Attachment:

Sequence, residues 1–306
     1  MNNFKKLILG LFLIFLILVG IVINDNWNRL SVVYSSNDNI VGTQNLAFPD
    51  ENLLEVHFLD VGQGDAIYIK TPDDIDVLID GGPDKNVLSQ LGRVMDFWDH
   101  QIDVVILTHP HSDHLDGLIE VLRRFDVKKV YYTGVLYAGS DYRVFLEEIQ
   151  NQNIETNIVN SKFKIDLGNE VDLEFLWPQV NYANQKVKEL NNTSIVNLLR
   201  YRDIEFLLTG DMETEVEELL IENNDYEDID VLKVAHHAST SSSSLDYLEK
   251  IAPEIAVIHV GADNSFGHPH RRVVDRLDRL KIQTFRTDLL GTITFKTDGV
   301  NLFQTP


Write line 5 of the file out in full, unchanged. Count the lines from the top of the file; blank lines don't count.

   151  NQNIETNIVN SKFKIDLGNE VDLEFLWPQV NYANQKVKEL NNTSIVNLLR